Dairy farms across the Northeast are seeing the emergence and spread of a newly researched bacteria – Klebsiella. The dominant gram-negative or coliform mastitis some farms are dealing with, Klebsiella, is known to cause clinical mastitis, generally the greatest loss to dairy production and cow mortality rates. This bacteria can also be persistent, causing a long duration of infection. Antibiotic treatments have seen little success, and some research suggests that various strains may be evolving into host-adapted and potentially contagious strains.
What makes Klebsiella different than other coliform? Besides the longer duration of infection, it is also known to cause the most severe cases of mastitis and occurs more frequently in herds that have a low bulk tank somatic cell count. Summer stalls and beddings can become huge risk factors, so keeping those clean is vital, and poor cow positioning can lead to vulnerability through the accumulation of manure.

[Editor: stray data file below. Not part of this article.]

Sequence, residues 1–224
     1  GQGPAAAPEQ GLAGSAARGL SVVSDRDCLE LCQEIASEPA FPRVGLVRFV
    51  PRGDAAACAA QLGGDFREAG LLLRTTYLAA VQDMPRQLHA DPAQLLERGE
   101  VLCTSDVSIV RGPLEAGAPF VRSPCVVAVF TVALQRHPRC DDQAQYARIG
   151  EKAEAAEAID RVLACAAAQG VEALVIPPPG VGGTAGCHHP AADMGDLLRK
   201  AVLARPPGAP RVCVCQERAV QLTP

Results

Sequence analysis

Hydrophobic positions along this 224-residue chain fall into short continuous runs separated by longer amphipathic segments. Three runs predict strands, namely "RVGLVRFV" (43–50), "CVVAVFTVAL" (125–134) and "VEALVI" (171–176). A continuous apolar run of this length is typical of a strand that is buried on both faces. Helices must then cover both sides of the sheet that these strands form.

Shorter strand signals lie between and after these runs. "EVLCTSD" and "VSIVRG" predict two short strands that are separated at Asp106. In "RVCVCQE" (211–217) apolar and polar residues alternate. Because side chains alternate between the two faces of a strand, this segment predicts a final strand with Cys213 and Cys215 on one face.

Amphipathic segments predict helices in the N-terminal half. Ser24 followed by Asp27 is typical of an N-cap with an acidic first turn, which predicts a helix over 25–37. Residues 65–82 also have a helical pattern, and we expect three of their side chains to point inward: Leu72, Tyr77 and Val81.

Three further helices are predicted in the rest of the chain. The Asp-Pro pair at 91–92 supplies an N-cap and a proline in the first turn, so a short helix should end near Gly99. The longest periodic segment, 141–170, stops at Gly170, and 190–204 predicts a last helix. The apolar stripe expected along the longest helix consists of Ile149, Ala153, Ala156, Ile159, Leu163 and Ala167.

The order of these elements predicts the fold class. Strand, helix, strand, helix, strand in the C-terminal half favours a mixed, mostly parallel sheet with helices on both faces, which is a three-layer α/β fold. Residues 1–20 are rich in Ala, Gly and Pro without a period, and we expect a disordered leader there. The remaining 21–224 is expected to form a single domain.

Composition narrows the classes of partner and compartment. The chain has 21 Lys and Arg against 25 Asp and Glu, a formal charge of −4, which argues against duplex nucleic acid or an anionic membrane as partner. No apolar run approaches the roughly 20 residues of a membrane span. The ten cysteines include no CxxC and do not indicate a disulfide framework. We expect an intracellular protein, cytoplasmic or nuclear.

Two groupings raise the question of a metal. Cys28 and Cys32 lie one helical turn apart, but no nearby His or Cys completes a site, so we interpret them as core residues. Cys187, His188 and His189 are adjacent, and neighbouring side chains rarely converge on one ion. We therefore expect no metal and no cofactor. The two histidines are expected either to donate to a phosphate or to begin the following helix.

Read more on the new bug, risk factors, and possible solutions here.
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